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Hospice seeks volunteers, funding
The board of Volunteer Hospice of Clallam County is restructuring its operations to ensure greater efficiency. Among those at the board’s Wednesday, Dec. 10 meeting are Pam Gates, President Eileen Damian, Lee Chatfield, Bruce Busch and Executive Director Sue Hynes. Sequim Gazette photo by Mark Couhig
by MARK ST.J. COUHIG
For the first time in its 32-year history, Volunteer Hospice of Clallam County is dipping into “its reserves” to pay the monthly bills.
Board member Pam Gates was quick to note the current circumstance isn’t life-threatening for the organization, but it is painful. She said that the hospice, like many nonprofit organizations, is enduring “a perfect storm” of unfavorable circumstances. Interest rates are so low the organization’s cash holdings are producing virtually no income, Gates said.
Board member Bruce Busch noted that at the same time demand for its services has leapt. When former Executive Director Rose Crumb retired in July 2009, the hospice had 60 patients, he said. Now the organization has an average of 100 patients. In recent weeks the number has been as high as 120.
The hospice never bills for its services.
As a result, “we’re spending in excess of what we’re taking in,” Busch said.
The budget for 2010 is approximately $400,000, with three quarters of that spent on salaries.
Mileage reimbursement for those who deliver equipment is another major line item, topping $22,000 in 2010. The hospice lends equipment, including delivery and pickup, to anyone in need.
It serves patients “from Joyce to Diamond Point,” Busch noted.
Economy having an impact
The organization’s funding is raised through various charity events and through “memorials” — donations given in memory of a recently departed loved one. Busch noted that in 2009 the organization received $241,000 in memorials. Through September 2010 the hospice has received $94,000 in memorial funds.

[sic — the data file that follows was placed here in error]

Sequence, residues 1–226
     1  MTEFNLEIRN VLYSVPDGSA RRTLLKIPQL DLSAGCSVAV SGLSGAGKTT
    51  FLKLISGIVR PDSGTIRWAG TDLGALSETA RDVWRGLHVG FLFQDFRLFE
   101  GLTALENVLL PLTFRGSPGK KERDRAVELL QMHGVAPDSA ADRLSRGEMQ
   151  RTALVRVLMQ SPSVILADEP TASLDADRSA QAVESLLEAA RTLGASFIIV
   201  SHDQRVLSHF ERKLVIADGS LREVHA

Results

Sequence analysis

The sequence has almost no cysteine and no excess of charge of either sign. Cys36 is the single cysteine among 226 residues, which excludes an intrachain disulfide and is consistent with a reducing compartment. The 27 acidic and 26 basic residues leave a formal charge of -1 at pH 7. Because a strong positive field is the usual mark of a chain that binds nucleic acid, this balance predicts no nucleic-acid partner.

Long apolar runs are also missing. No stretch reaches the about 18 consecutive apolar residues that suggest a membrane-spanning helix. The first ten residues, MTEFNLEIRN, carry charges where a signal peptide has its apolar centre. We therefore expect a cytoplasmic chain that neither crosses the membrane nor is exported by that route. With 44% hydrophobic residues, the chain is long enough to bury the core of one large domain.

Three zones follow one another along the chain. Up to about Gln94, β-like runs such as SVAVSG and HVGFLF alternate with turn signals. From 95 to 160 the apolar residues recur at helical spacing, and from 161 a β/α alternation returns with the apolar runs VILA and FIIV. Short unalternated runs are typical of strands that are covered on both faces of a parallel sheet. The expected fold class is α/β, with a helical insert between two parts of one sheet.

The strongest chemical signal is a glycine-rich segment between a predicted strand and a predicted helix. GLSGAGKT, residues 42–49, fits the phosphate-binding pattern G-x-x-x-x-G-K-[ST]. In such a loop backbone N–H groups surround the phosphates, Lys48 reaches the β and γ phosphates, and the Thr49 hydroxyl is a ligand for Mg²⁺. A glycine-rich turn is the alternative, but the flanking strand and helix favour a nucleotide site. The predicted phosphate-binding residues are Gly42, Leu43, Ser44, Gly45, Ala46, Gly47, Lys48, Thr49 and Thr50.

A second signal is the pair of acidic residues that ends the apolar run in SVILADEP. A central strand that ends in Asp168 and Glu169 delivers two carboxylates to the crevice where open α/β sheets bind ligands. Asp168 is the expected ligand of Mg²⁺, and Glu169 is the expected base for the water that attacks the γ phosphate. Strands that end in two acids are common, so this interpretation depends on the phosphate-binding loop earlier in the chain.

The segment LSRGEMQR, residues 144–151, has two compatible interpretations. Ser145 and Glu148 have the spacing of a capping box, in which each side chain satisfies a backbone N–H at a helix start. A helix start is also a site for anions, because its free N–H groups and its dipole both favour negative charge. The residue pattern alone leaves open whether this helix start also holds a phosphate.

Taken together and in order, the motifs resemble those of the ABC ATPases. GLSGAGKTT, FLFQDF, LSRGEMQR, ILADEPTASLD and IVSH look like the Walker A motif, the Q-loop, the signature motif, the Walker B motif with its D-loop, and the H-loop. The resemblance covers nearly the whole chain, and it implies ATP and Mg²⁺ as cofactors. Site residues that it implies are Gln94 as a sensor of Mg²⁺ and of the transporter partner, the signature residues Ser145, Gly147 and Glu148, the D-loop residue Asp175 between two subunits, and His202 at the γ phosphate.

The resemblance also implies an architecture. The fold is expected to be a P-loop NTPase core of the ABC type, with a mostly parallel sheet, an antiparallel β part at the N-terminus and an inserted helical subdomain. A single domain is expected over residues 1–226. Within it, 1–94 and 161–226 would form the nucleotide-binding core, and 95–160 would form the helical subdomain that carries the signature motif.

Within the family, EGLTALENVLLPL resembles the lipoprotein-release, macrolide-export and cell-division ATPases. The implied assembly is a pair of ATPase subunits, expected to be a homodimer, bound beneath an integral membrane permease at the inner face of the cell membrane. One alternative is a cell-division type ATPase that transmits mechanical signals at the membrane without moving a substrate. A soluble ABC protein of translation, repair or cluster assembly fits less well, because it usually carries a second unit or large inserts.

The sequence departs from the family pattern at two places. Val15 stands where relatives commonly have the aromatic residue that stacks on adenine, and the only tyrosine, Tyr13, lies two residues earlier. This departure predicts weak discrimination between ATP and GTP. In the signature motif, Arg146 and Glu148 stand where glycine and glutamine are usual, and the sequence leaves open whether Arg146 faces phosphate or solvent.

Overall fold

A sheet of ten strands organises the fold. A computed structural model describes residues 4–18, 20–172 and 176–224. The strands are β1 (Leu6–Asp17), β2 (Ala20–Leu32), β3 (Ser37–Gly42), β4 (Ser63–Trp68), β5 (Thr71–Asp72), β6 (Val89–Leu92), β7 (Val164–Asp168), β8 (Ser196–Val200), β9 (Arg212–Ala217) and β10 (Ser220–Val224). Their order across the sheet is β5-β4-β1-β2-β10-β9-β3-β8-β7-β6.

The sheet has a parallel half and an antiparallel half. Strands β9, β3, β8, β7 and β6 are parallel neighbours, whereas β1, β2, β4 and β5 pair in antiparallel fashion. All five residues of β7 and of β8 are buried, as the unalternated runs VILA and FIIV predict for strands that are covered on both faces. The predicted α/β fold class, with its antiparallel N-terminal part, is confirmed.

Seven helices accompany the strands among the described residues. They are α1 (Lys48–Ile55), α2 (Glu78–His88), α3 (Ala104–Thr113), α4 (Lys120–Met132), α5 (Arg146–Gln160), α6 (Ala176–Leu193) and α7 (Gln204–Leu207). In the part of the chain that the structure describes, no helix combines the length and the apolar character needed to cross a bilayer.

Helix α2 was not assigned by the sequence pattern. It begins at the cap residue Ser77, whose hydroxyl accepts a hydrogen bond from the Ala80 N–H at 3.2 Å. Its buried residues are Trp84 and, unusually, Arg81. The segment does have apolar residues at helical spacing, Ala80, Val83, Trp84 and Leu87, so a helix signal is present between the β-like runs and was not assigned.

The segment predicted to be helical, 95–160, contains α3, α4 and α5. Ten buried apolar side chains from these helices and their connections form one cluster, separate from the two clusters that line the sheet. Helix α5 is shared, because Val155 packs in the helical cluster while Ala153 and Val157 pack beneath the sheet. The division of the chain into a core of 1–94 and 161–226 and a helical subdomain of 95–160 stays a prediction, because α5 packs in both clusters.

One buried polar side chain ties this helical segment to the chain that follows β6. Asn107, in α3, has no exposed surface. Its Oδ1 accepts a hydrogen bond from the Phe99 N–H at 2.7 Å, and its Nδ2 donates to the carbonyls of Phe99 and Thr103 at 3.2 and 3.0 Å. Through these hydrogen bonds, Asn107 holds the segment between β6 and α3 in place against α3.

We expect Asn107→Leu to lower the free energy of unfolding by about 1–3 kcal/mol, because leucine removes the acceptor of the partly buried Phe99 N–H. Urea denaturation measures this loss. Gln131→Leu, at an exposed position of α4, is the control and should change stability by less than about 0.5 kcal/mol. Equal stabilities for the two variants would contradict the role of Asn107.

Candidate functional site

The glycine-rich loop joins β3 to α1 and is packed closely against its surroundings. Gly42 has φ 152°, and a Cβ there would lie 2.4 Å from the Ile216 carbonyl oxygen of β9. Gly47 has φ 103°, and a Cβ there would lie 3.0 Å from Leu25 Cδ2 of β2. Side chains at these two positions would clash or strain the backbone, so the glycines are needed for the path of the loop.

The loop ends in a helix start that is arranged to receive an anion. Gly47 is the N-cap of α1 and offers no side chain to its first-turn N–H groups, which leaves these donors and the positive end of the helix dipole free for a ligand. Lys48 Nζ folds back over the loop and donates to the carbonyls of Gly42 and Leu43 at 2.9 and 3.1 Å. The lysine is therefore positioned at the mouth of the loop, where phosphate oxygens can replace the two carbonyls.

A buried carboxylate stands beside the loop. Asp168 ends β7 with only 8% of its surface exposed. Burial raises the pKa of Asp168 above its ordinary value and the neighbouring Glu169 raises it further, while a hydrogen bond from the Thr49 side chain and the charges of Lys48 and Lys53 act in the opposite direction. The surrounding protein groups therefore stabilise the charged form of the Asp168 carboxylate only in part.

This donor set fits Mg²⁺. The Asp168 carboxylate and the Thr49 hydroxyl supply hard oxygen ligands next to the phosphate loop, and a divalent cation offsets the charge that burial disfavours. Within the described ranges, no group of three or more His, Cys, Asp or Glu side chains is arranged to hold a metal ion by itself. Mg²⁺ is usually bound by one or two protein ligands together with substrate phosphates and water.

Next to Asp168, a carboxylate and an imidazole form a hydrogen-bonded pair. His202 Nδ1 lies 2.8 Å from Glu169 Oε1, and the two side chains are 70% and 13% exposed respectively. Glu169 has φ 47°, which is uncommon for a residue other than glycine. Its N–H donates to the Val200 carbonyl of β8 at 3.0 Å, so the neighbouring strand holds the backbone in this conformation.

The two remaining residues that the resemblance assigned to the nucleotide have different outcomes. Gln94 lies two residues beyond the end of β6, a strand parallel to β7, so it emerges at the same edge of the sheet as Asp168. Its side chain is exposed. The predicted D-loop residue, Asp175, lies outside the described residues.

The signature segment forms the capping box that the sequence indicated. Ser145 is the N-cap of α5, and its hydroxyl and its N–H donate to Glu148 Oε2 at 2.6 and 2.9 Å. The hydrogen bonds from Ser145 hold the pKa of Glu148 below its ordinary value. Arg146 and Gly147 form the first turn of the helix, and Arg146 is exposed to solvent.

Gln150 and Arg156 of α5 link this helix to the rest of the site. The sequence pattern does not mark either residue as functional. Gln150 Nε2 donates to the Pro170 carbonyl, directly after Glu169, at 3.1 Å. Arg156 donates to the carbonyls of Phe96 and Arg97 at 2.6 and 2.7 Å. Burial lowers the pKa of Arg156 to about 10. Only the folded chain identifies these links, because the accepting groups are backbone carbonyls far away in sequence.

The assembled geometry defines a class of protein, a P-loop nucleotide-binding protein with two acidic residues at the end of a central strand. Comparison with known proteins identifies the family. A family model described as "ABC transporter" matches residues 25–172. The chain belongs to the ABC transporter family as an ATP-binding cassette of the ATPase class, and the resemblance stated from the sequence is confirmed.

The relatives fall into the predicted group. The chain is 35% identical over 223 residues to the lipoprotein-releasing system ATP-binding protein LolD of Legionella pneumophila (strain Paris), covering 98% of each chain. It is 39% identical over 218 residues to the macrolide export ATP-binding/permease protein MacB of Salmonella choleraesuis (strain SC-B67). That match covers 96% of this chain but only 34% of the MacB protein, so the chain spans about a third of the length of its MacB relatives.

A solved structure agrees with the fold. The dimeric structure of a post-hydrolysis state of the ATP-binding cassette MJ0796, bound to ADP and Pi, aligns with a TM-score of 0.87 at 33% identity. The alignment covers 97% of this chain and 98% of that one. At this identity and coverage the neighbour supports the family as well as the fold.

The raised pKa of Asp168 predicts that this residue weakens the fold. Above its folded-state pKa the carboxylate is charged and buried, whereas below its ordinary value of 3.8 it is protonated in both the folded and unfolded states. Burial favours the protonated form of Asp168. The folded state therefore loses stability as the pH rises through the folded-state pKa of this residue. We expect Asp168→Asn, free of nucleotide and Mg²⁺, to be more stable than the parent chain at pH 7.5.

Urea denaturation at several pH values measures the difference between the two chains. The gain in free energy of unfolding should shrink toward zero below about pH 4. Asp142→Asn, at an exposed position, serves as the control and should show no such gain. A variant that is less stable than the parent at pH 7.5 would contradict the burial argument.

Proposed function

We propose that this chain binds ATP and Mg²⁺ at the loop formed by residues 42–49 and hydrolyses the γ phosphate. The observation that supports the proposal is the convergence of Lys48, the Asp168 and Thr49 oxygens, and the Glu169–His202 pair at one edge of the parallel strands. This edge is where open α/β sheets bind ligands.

Board president Eileen Gates said the current poor economy has reduced the ability of many county residents to give. But she also said there are many other ways to help the organization, particularly by volunteering. “We can use their time,” she said.
Busch agreed, saying “We really need more volunteers. Our front office is understaffed.”
Busch said the organization is restructuring to operate more efficiently. “We’re developing procedures to operate like a business, but with compassion.”
Executive Director Sue Hynes said that volunteering also can provide benefits to those who give their time. “We can teach new skills” that are useful in finding work, she said.
One of a kind
Gates said Volunteer Hospice is “a unique animal.”
Nationally, there are two kinds of hospice organizations, social and medical. “We’re one of the few volunteer services that uses a medical model,” she said.
The organization has four full-time and three part-time nurses on staff. These health professionals are available to assist clients and their caregivers 24 hours a day, with an “emphasis on symptom and pain management,” Gates said.
Hospice volunteers are used to provide “time off” for caregivers and the families of those who are dying.
The hospice also offers other services, including counseling, both before and after the death. In March 2011, Volunteer Hospice also will hold a series of meetings in Sequim for those who are grieving. The Grief Support Program consists of two-hour sessions held weekly for five weeks.
The hospice’s education programs are open to patients, families, friends and anyone in the community who wants to learn more about “promoting attitudes toward death and dying as a positive creative dimension in the continuation of life,” Hynes said.
The issues surrounding death are “mental, spiritual and social,” Hynes said. “Our nurses and volunteers work with all of these.”
The staff at Volunteer Hospice also can provide assistance in finding the right area agencies to help with specific issues. “We are working closely with Assured Hospice, too,” said Hynes. Assured is a Sequim-based for-profit hospice.
Busch said he became involved with Volunteer Hospice when he was taking care of his wife, Dottie, who died five years ago from throat cancer.
“If it wasn’t for hospice, I probably wouldn’t be here,” he said. “I probably would have died of stress. We had 24/7 nursing care (available on-call), equipment, respite volunteers .... If my wife had been in the hospital, the first time she hit that button they would have come immediately. But the second or third ...
“This isn’t to criticize the hospital, but it isn’t staffed to be there for somebody who is dying. They’re there to help people who are getting better.”
Gates said the same is true of long-term nursing care. “They have no staff for support of the dying,” she said. And they usually don’t provide pain management, she noted.
“We have the most dedicated nurses. They’re there for the patients. They give 100 percent.”
Reach Mark Couhig at email@example.com.